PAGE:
Content-centric wireless networks

This project seeks to advance our fundamental understanding of content-centric wireless networks. Communication networks are traditionally connection-centric, i.e., establish a reliable data connection between end-nodes. Recently, there has been a significant shift in network usage, where the users' intent is to access some specific (broadband and video) content rather than connect to a specific node. While there have been significant advances in enabling higher data rates in connection-centric wireless networks, the strategic use of storage along with jointly designed data delivery has received less attention in wireless networks. The goal of this project is to develop an information-theoretic framework for a content-centric approach to wireless, that enables a strategic positioning and use of storage jointly optimized with wireless information flow. This framework will be based on a content-distribution capacity region, which will characterize the region of transmission size versus cache storage, for different wireless network topologies, with user demands following from non-uniform content popularity profiles. We will develop both a theory and explicit strategies for content-centric wireless networks using a broad set of tools ranging from Shannon theory, network algorithms and coding as well as ideas from content-distribution network system design. The project also promotes the training of research engineers: we will integrate the research results into curricula by creating novel courses combining the underlying concepts in wireless network information flow, storage and wireless content-delivery systems. The research in this project, if successful, will contribute to the fundamental sciences of information flow and storage in wireless networks. Given the exponentially rising demand for wireless data, driven by media content, the results will serve as an enabler for wireless broadband content distribution that leverages dimensions beyond brute spectrum allocation.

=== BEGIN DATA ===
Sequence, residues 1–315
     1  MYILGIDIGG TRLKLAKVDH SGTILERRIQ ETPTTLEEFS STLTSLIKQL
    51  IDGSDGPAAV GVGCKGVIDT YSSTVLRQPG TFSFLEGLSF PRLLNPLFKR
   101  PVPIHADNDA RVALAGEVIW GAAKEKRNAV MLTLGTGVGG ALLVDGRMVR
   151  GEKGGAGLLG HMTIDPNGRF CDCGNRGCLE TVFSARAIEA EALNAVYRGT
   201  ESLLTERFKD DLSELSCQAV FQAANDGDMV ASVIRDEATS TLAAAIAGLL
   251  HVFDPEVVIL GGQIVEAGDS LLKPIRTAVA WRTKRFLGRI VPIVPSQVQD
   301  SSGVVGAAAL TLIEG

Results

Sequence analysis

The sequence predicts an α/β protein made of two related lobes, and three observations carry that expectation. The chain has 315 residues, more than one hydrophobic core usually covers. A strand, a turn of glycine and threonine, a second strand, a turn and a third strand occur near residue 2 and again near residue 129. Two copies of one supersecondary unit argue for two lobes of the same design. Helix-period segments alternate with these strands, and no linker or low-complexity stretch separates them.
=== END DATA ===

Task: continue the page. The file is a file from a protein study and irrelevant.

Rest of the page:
Papers

  1. Download: karam_hier.pdf 
  2. Download: jad_layered.pdf 
  3. Download: jad_multilevel.pdf 
  4. Download: jad_dof.pdf 
  5. Note: available on arXiv:1705.03852 [cs.IT]
    Download: jad_adaptive.pdf 
  6. Download: on Arxiv 
    Abstract: